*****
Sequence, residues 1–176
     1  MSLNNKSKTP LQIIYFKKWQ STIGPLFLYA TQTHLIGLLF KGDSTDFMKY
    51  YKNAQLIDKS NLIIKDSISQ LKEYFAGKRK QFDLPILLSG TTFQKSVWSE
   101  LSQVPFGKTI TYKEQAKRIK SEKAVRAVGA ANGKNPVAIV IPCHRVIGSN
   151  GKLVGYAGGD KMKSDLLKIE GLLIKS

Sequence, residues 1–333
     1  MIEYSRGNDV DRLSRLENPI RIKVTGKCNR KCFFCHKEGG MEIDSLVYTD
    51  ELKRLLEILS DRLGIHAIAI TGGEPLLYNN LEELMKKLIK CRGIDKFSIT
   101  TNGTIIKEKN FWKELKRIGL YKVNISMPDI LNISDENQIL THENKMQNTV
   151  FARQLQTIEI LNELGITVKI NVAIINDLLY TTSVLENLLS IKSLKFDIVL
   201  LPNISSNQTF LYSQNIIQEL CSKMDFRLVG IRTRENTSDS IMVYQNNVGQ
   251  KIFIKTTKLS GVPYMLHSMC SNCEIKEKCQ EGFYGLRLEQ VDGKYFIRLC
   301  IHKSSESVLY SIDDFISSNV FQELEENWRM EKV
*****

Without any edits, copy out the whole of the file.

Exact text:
Sequence, residues 1–176
     1  MSLNNKSKTP LQIIYFKKWQ STIGPLFLYA TQTHLIGLLF KGDSTDFMKY
    51  YKNAQLIDKS NLIIKDSISQ LKEYFAGKRK QFDLPILLSG TTFQKSVWSE
   101  LSQVPFGKTI TYKEQAKRIK SEKAVRAVGA ANGKNPVAIV IPCHRVIGSN
   151  GKLVGYAGGD KMKSDLLKIE GLLIKS

Sequence, residues 1–333
     1  MIEYSRGNDV DRLSRLENPI RIKVTGKCNR KCFFCHKEGG MEIDSLVYTD
    51  ELKRLLEILS DRLGIHAIAI TGGEPLLYNN LEELMKKLIK CRGIDKFSIT
   101  TNGTIIKEKN FWKELKRIGL YKVNISMPDI LNISDENQIL THENKMQNTV
   151  FARQLQTIEI LNELGITVKI NVAIINDLLY TTSVLENLLS IKSLKFDIVL
   201  LPNISSNQTF LYSQNIIQEL CSKMDFRLVG IRTRENTSDS IMVYQNNVGQ
   251  KIFIKTTKLS GVPYMLHSMC SNCEIKEKCQ EGFYGLRLEQ VDGKYFIRLC
   301  IHKSSESVLY SIDDFISSNV FQELEENWRM EKV